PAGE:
Outcrosses that originate with pollen coming from hybrid plants are different because that pollen is the result of meiosis in the hybrid plant. Meiosis results in only one member of each of the 10 pairs of chromosomes to be represented. Minimum number of possible combinations of genetics is 2log10 or 1024 combinations of chromosomes among the pollen grain. Actually, more than that are probable because of chromosome crossovers and mutations that also occur during meiosis. Evaluation based upon taller plants is also influenced by plant height of the correct hybrid versus that of contaminating hybrid. If the correct hybrid is produced by a tall female inbred crossed with a short male inbred, it is more likely that pollen from a tall commercial hybrid will cause more ‘talls’. Even in that case, the pollen that happen to include more of the contaminating hybrid male chromosomes are likely to be smaller than the correct hybrid.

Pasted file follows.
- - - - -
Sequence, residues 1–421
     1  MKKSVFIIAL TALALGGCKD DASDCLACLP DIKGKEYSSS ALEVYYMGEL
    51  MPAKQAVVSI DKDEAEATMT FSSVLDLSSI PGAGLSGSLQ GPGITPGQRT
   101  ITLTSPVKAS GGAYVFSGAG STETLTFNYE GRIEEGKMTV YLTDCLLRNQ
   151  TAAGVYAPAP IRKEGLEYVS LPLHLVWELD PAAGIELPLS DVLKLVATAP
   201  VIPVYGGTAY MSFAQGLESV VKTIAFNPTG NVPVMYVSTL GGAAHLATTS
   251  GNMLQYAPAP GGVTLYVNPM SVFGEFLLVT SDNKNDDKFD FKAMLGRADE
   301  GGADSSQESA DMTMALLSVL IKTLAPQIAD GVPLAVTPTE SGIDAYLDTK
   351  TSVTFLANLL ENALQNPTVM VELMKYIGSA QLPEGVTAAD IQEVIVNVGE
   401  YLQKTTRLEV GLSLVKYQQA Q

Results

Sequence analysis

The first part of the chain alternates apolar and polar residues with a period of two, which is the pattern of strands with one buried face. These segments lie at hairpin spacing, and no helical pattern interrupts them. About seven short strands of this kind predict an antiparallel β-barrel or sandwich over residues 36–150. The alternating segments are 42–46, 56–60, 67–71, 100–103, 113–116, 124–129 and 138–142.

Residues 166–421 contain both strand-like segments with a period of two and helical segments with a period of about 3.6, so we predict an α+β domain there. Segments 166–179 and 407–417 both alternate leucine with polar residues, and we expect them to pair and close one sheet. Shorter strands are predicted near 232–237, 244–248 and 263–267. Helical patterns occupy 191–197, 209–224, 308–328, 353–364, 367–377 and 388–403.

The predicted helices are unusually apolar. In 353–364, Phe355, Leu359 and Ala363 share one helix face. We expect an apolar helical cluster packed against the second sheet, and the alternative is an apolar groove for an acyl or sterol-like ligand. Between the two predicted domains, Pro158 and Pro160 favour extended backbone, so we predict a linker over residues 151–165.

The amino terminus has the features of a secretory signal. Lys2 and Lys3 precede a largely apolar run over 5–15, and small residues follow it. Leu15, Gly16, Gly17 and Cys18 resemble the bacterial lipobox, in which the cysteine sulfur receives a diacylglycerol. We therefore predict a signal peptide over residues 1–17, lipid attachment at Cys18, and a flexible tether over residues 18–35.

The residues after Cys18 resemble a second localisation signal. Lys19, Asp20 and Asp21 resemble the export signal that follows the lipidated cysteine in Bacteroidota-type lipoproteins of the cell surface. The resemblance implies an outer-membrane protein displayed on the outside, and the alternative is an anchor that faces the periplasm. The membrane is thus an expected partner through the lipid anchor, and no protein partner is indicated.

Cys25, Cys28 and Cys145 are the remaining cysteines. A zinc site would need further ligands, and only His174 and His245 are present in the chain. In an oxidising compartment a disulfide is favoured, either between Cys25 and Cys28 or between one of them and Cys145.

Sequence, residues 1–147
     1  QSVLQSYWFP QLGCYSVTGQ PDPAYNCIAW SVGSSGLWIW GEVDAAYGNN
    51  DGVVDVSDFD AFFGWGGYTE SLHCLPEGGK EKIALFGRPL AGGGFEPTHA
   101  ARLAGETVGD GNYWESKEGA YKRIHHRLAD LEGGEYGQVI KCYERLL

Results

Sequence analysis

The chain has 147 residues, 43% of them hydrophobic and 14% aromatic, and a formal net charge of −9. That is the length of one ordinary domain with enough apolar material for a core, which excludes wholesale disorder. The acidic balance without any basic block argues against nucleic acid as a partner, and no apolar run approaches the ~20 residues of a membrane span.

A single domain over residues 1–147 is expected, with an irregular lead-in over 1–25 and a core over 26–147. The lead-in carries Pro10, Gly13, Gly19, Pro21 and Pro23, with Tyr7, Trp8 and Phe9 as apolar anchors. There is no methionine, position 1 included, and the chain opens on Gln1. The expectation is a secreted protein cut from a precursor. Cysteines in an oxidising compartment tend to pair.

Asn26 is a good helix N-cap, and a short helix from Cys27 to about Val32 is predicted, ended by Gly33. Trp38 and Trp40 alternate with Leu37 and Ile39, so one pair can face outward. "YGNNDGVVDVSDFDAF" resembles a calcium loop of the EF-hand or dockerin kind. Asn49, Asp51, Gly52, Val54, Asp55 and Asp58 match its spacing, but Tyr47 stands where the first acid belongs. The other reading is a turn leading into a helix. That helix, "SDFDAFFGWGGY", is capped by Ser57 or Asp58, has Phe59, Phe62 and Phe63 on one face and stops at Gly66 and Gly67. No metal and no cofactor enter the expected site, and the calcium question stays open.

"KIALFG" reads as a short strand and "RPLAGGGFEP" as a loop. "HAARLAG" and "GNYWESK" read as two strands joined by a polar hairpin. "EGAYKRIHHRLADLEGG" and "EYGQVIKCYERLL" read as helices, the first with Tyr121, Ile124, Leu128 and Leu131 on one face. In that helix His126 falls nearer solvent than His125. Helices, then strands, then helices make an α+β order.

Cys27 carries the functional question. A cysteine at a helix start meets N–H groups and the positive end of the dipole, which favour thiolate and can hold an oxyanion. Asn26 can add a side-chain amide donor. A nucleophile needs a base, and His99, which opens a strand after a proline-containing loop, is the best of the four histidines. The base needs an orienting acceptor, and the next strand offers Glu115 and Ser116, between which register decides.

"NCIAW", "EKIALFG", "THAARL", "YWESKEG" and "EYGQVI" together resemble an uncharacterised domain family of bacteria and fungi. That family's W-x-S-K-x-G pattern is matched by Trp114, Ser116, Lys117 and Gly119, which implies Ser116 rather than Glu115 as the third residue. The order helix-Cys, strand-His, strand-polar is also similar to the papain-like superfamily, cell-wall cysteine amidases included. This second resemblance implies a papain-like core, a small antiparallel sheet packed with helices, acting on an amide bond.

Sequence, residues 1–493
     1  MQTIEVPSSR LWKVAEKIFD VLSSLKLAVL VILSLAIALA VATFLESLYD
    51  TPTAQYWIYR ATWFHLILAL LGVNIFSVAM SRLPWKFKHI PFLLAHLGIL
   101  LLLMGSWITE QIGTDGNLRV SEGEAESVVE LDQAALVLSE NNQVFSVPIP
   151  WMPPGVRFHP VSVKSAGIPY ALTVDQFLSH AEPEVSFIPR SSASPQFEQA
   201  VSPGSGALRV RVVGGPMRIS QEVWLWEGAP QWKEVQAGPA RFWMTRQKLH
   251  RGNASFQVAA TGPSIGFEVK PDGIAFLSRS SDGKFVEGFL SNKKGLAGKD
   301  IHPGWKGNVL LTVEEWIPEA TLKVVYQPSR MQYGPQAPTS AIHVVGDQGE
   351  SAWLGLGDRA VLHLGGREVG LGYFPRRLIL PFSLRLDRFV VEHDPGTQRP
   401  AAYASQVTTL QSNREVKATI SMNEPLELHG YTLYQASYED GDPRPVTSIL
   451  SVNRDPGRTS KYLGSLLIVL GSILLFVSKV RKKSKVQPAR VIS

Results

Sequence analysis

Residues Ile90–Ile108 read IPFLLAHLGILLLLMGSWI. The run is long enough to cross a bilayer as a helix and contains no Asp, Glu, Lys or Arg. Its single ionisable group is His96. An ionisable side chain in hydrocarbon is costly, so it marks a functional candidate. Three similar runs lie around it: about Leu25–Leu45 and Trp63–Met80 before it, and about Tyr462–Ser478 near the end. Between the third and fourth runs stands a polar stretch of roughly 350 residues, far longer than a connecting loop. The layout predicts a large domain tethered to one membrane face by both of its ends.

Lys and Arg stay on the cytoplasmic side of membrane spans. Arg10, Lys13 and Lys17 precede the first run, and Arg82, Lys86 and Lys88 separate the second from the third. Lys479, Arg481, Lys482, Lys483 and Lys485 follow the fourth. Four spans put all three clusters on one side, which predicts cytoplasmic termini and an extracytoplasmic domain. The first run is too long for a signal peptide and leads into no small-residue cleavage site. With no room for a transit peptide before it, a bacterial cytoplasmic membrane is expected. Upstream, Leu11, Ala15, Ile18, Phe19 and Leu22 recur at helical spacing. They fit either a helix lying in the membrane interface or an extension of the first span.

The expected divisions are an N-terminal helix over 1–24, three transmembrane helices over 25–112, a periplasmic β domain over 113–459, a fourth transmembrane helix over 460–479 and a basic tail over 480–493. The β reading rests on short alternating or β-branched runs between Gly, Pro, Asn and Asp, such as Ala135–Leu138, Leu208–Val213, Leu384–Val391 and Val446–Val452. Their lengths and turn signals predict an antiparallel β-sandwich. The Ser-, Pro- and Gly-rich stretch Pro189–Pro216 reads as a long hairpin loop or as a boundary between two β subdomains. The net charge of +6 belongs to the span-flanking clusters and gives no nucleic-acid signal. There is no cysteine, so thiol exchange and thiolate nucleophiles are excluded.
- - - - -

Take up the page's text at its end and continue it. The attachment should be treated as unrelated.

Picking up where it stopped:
Hybrid seed with less than 1% outcrosses, tall or short, have an insignificant effect on yield. Outcrosses have become more important to those with GMO interests. If the contaminating hybrid included a gene for a GMO from one of its parents, half of the resulting pollen would include that gene. If the seed production field was intended to be non-GMO, then half of the outcrosses would include that gene. If the contaminating pollen included multiple traits on separate chromosomes then the math becomes more complicated, with each of those chromosomes having a 50% chance of being included in each pollen grain. If the trait genes were closely linked on the same chromosome then they likely would be carried together but not always because some of the linkages may break.